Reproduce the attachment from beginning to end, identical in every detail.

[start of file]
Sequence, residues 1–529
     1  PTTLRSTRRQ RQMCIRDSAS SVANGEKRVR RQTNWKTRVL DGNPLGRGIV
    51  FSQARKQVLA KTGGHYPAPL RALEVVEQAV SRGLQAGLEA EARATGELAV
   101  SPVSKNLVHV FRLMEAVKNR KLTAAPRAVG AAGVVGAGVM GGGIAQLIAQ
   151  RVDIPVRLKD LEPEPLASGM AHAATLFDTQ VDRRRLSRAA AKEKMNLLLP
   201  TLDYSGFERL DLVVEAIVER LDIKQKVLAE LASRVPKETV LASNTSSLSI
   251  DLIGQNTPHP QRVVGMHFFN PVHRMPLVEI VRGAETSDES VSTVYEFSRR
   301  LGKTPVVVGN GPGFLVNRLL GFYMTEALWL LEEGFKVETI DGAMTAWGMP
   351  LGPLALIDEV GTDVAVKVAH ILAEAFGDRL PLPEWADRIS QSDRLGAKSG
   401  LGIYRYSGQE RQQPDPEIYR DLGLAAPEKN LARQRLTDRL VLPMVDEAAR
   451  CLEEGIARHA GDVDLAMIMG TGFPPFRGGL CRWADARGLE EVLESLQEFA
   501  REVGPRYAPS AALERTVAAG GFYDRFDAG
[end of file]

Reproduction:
Sequence, residues 1–529
     1  PTTLRSTRRQ RQMCIRDSAS SVANGEKRVR RQTNWKTRVL DGNPLGRGIV
    51  FSQARKQVLA KTGGHYPAPL RALEVVEQAV SRGLQAGLEA EARATGELAV
   101  SPVSKNLVHV FRLMEAVKNR KLTAAPRAVG AAGVVGAGVM GGGIAQLIAQ
   151  RVDIPVRLKD LEPEPLASGM AHAATLFDTQ VDRRRLSRAA AKEKMNLLLP
   201  TLDYSGFERL DLVVEAIVER LDIKQKVLAE LASRVPKETV LASNTSSLSI
   251  DLIGQNTPHP QRVVGMHFFN PVHRMPLVEI VRGAETSDES VSTVYEFSRR
   301  LGKTPVVVGN GPGFLVNRLL GFYMTEALWL LEEGFKVETI DGAMTAWGMP
   351  LGPLALIDEV GTDVAVKVAH ILAEAFGDRL PLPEWADRIS QSDRLGAKSG
   401  LGIYRYSGQE RQQPDPEIYR DLGLAAPEKN LARQRLTDRL VLPMVDEAAR
   451  CLEEGIARHA GDVDLAMIMG TGFPPFRGGL CRWADARGLE EVLESLQEFA
   501  REVGPRYAPS AALERTVAAG GFYDRFDAG